ACTING prime minister Mariano Rajoy claimed on Thursday that he had taken a “decisive step” towards forming a new government, after he accepted the conditions laid out by Ciudadanos leader Albert Rivera in exchange for his party’s support.
Having expressed fears that Spain would become the ‘laughing stock’ of Europe if a third general election was called, Rajoy was expected to accept Rivera’s terms, despite unease within the Partido Popular (PP) that such a move could eventually see senior party officials prosecuted for corruption.
Now that he has pledged to accept Rivera’s conditions, Rajoy said he would contact the speaker of the parliament later on Thursday to discuss setting a date for his investiture vote, a key demand from Ciudadanos.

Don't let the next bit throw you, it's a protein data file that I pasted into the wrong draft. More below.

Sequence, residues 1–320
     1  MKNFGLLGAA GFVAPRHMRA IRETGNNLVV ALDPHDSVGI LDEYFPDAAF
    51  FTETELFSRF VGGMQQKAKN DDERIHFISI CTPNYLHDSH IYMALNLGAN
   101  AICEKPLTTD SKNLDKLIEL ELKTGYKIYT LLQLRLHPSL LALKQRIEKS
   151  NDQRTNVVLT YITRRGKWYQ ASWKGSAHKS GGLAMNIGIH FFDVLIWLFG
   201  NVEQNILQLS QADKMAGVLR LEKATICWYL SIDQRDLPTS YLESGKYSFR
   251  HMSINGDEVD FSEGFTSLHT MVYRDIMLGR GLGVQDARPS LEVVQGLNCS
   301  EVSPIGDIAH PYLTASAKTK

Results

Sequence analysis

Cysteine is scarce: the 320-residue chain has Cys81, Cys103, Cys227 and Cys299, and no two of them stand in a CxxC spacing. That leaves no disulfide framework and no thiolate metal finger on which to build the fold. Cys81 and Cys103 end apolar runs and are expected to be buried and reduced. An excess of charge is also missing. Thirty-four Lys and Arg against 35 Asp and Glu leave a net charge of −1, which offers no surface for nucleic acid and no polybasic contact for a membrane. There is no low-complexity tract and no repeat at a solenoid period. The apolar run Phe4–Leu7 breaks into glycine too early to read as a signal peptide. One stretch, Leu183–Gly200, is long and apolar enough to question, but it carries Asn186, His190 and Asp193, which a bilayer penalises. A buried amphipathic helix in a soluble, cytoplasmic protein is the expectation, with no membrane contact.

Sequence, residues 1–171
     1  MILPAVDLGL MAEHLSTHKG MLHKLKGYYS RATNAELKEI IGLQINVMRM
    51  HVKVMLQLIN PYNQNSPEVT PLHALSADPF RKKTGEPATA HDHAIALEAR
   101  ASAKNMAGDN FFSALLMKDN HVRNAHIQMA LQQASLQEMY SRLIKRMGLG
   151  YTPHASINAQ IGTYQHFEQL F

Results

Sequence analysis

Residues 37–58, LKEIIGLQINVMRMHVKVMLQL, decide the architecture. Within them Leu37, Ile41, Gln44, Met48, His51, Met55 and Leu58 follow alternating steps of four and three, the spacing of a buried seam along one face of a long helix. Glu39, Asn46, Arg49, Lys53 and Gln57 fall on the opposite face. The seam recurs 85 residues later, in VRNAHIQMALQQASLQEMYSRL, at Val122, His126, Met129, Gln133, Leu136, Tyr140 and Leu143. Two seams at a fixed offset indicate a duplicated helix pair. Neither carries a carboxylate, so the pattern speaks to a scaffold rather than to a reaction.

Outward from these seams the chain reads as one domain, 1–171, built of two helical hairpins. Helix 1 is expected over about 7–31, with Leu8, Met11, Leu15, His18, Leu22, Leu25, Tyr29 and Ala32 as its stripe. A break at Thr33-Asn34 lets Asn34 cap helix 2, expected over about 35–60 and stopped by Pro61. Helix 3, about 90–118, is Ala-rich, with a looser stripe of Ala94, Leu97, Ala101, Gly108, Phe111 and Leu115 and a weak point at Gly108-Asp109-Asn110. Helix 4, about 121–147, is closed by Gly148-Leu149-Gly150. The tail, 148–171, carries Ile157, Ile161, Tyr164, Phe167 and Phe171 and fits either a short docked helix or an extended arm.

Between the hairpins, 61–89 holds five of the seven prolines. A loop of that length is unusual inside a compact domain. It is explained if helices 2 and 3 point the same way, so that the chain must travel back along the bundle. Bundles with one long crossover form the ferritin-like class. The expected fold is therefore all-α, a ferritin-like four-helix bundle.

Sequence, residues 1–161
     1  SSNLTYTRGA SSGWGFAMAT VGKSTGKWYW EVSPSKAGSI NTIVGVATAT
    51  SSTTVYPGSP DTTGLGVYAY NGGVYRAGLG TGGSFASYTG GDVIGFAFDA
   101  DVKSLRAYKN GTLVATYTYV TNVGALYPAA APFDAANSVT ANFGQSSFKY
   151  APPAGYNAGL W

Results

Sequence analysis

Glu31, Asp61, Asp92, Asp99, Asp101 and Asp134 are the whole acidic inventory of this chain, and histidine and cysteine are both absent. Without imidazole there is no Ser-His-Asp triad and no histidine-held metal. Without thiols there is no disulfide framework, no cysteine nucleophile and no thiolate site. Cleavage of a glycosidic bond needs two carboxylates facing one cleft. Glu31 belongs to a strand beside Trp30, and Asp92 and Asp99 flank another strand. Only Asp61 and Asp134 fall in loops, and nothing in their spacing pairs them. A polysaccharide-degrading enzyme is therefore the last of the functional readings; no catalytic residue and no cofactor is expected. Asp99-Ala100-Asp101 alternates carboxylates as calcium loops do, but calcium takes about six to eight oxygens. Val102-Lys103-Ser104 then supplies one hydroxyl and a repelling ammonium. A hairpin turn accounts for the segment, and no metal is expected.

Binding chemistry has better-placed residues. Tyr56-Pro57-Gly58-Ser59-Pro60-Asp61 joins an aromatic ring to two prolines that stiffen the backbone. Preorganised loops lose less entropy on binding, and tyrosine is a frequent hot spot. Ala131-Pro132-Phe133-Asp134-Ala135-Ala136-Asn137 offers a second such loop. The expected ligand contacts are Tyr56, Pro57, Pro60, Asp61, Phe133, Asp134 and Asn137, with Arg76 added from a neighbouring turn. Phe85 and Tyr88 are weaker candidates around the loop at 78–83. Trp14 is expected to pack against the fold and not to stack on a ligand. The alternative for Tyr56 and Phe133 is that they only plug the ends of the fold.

“I am in a position to attend the investiture session when the speaker of Congress believes it to be opportune,” Rajoy told reporters, while Rivera was upbeat after their meeting, telling press: “At least this clears a path, a blocked one, the only one possible, so that we can all forget about third elections.”
Combining the PP’s 137 seats with Ciudadanos’ 32 still leaves the emergent coalition short of reaching the 176 required for a simple majority, meaning the ball now lies firmly in the court of Pedro Sanchez and the PSOE.
The Socialists have pledged to actively oppose Rajoy’s appointment as prime minister at any investiture vote, but will be under intensified pressure to simply abstain, allowing the PP to form a government and spare Spain the embarrassment of another election.